What’s in a name? All Navy ships have a designation. Through the years, technology and advances in design have created the need for new designations. The book Dictionary of American naval fighting ships. v.1. United States categorized all of the ship types used in the American Navy’s history as of 1959. As far as submarines, […]Read More What’s in a name? The story of how the most famous submarine in modern history was named
The Monster “THE year 1866 was signalised by a remarkable incident, a mysterious and inexplicable phenomenon, which doubtless no one has yet forgotten. Not to mention rumours which agitated the maritime population, and excited the public mind, even in the interior of continents, seafaring men were particularly excited. Merchants, common sailors, captains of vessels, skippers, […]Read More The question of the monster (the fictional vision that became the Fast Attack Submarine)
Having a nuclear reactor on board a ship is not a new idea. Having a pair of Russian nuclear reactors on a barge in the Arctic Region is kind of novel however. I have been watching with interest the progress of the Akademik Lomonosov for a short while now and intrigued by the possibilities it […]Read More Northern lights? (or the glow from a reactor meltdown)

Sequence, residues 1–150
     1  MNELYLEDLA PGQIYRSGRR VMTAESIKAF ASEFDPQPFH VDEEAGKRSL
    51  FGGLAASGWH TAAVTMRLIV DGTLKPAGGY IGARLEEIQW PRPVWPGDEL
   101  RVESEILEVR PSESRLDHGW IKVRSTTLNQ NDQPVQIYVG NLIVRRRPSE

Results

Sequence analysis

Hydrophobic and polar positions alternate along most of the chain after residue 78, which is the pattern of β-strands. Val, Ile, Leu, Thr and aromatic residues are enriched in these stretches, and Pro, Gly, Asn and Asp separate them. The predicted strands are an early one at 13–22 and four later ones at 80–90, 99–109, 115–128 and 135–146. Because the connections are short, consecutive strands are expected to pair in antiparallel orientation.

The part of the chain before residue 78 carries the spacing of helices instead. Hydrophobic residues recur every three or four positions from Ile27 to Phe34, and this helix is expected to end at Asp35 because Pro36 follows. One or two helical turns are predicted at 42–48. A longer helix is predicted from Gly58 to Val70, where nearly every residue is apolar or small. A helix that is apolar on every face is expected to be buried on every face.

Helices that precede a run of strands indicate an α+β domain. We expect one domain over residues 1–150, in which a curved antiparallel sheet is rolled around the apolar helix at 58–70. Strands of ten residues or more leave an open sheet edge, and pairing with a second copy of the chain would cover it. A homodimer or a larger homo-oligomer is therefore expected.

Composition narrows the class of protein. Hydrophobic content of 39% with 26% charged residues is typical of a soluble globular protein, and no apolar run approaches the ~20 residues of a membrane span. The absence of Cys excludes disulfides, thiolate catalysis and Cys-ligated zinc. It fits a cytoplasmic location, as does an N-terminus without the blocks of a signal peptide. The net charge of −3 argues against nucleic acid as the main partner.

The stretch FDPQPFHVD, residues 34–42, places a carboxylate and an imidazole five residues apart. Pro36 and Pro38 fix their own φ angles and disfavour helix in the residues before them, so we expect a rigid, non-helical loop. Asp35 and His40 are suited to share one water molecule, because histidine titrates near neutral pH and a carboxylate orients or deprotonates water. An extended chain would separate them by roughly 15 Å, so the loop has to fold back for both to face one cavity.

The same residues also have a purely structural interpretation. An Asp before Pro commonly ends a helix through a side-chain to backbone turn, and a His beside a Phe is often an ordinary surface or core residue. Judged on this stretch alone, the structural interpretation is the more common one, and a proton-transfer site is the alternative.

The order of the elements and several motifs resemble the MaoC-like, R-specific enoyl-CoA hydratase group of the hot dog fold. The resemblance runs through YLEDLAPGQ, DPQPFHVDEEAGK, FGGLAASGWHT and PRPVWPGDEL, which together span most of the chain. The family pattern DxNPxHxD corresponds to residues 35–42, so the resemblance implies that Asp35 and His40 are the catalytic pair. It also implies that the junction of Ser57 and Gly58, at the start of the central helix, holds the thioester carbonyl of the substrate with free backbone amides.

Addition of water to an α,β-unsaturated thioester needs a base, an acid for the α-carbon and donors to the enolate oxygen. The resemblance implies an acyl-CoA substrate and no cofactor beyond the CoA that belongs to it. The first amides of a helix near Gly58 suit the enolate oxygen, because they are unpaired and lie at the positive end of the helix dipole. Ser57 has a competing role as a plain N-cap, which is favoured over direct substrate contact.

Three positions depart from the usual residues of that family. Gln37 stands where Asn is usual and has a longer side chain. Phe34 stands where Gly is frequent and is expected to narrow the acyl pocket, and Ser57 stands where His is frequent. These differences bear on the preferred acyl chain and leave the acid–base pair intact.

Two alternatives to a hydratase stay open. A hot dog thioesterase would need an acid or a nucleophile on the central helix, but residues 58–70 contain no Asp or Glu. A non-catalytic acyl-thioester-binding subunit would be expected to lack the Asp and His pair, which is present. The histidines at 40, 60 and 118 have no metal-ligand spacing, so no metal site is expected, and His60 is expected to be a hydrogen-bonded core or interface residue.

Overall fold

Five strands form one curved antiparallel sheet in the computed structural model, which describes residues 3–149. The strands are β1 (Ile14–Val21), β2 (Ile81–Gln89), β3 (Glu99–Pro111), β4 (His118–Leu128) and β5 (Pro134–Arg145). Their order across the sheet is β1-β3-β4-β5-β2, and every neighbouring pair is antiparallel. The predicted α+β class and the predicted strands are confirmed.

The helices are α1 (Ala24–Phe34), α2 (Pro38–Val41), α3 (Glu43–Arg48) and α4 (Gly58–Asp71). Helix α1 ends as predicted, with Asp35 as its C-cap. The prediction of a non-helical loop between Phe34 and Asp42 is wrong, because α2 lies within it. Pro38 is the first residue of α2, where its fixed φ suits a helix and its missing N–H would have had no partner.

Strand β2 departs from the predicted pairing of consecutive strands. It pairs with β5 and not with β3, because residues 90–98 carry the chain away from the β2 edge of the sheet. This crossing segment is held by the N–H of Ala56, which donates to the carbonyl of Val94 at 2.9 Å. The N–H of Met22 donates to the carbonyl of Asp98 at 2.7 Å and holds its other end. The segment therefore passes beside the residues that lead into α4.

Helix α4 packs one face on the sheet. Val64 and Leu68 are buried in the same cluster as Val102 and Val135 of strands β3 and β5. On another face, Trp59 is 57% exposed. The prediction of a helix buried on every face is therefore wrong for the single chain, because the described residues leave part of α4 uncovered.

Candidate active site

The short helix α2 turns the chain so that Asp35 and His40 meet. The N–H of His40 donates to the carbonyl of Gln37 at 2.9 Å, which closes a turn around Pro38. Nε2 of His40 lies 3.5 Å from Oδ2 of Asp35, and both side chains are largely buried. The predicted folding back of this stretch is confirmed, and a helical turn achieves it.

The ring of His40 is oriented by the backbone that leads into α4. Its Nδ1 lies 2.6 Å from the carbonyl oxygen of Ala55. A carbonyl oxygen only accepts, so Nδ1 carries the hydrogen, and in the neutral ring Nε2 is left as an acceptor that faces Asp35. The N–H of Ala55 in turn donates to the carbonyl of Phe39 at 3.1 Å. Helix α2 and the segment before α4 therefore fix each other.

Eyewitness to history: Who was Elton C. Fay? Elton C. Fay, was an Associated Press reporter who covered the Pentagon from the days of World War II to the Vietnam War. His death was recorded in a common obituary and stated that he died at his Silver Spring, Md., home after a long illness. He […]Read More Eyewitness to history: Who was Elton C. Fay?
1954 – The year underwater warfare changed forever. This post was originally posted in July of 2019. Since 2020 is the year of the Fast Attack on theleansubmariner, I thought it appropriate to repost it with some updates. After all, it was the Nautilus of Jules Verne’s imagination that started the whole process. And it […]Read More 1954 – The year underwater warfare changed forever